(19) "Legatee" means a person entitled to personal property under a will.

    The foregoing definitions apply to § 474.460 since that statute is a part of the "Probate Code" as that term is defined in § 472.010(5).

    Hiram's children, of course, are his "lineal descendants." If, which need not be decided, § 474.460 operates on the gift of the residue to Hiram, they would take "the estate as [Hiram] would have done" if he had survived Alta.

    A distinguished authority on Missouri probate law, in discussing § 474.460 V.A. M.S., says: "While no Missouri decision has expressly so declared, the statute does not operate to prevent the operation of an express devise over upon the death of the primary devisee prior to the death of the testator." Missouri Practice, Probate Law and Practice, Maus, Vol. 4, § 1468, p. 600.

    If the language of Article III of the will, quoted above, operates on the gift of the residue to Hiram, each of Hiram's children, being included in the term "bodily heirs,"[4] participates in Hiram's share.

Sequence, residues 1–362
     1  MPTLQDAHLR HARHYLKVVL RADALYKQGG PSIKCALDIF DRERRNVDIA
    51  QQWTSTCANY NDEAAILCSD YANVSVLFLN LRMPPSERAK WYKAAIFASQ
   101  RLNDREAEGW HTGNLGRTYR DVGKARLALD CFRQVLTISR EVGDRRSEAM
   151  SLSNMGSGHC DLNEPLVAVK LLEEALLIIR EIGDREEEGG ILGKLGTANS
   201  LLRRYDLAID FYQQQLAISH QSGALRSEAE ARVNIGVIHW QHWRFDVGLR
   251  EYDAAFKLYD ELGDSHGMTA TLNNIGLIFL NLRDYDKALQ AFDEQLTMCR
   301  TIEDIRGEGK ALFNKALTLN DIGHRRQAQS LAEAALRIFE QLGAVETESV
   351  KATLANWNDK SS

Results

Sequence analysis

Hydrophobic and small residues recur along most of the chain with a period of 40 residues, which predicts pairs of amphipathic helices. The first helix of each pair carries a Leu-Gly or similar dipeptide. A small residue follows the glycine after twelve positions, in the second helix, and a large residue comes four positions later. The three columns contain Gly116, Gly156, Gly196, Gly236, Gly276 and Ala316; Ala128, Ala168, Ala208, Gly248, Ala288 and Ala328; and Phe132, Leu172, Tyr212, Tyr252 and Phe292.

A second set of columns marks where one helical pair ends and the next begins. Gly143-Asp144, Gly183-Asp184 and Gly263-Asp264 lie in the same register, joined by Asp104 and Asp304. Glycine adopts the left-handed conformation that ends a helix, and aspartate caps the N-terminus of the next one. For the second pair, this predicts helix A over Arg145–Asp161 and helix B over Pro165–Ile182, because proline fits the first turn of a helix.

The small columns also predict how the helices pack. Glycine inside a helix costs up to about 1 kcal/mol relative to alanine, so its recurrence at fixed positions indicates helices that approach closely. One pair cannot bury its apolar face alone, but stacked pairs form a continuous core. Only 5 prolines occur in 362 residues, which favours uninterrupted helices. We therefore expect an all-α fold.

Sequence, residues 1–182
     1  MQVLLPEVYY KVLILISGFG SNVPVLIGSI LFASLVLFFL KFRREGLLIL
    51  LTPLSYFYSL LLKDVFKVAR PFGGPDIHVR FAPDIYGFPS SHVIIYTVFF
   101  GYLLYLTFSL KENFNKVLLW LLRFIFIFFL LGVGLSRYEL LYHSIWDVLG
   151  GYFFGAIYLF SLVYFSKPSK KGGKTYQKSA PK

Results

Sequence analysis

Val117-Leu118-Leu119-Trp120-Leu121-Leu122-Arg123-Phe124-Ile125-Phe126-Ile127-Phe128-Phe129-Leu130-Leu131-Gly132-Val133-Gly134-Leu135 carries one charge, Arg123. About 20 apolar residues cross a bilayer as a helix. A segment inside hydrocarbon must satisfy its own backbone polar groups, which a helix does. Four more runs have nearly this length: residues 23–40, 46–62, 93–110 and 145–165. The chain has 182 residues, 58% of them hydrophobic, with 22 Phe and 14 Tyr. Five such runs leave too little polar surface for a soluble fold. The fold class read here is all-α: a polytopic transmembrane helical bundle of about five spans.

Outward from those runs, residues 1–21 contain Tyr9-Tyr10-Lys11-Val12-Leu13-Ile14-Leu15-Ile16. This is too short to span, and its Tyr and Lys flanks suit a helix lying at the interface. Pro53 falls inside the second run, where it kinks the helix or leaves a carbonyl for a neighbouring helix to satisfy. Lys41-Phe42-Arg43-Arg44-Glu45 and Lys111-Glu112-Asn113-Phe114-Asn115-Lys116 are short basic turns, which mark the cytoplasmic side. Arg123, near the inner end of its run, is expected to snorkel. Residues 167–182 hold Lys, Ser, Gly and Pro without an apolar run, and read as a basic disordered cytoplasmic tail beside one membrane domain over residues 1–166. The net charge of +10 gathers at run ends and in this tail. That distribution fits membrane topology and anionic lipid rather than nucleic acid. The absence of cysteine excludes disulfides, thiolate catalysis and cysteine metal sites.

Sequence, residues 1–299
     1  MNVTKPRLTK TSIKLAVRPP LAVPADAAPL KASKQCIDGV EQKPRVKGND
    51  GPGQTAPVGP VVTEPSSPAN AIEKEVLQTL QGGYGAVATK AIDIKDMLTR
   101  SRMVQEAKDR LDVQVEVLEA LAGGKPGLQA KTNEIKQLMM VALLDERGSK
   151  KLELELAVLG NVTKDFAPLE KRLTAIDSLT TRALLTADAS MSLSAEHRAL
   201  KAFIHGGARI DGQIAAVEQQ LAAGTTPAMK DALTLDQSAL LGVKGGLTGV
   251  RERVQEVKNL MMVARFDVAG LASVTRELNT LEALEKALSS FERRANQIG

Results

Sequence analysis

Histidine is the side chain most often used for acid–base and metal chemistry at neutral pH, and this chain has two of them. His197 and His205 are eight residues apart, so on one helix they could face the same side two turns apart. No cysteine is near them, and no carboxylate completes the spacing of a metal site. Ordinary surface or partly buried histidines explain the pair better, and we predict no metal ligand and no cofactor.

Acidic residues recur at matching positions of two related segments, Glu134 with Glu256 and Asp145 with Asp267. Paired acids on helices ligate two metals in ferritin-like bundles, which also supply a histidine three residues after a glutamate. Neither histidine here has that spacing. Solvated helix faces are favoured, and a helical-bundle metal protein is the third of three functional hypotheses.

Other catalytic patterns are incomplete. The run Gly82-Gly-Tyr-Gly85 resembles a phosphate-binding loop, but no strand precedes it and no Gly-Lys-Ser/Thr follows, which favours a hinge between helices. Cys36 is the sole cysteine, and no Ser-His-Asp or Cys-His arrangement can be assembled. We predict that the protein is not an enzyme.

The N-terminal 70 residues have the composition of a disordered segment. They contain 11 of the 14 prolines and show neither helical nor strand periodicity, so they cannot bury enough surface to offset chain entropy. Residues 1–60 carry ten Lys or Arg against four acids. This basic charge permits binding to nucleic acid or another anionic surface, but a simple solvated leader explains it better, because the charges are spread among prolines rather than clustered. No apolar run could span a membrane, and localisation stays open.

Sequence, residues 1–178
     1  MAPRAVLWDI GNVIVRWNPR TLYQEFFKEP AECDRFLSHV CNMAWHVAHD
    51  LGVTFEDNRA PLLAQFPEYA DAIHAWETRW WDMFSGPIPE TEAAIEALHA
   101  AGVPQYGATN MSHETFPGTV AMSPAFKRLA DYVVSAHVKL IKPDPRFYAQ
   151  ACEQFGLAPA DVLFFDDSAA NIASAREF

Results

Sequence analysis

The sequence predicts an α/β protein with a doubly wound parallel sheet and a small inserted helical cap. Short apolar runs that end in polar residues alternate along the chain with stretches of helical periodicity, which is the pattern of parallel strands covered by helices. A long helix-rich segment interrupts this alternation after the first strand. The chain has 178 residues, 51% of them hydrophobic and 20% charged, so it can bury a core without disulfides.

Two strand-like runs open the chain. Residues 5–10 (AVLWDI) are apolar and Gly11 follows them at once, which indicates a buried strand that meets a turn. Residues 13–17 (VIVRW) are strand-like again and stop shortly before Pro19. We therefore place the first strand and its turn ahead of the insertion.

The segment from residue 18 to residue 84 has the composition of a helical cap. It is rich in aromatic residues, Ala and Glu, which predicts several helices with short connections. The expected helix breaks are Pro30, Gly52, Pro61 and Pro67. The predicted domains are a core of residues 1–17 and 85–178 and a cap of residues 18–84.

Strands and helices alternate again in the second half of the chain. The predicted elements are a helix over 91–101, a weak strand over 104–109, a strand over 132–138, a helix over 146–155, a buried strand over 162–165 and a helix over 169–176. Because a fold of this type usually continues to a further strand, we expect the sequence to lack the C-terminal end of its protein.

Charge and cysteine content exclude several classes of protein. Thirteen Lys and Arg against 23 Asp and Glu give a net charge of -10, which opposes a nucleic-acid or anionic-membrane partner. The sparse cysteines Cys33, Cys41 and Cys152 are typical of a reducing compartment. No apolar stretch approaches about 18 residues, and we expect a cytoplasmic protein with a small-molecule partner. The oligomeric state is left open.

Accordingly, under the language of Article III of the will and under § 474.460 V.A.M.S.[5] one of which must operate on the gift of the residue to Hiram, each of Hiram's children is a legatee. "A legatee is a necessary party to a suit to set aside a will." Kane v. Mercantile Trust Co. National Association, 513 S.W.2d 362, 363[2] (Mo.1974).

    The dismissal was valid because service of process was not "secured and completed upon all parties defendant" within the period prescribed by § 473.083(4) and there was no showing by plaintiffs of "good cause for failure to secure and complete service" within the meaning of that statute.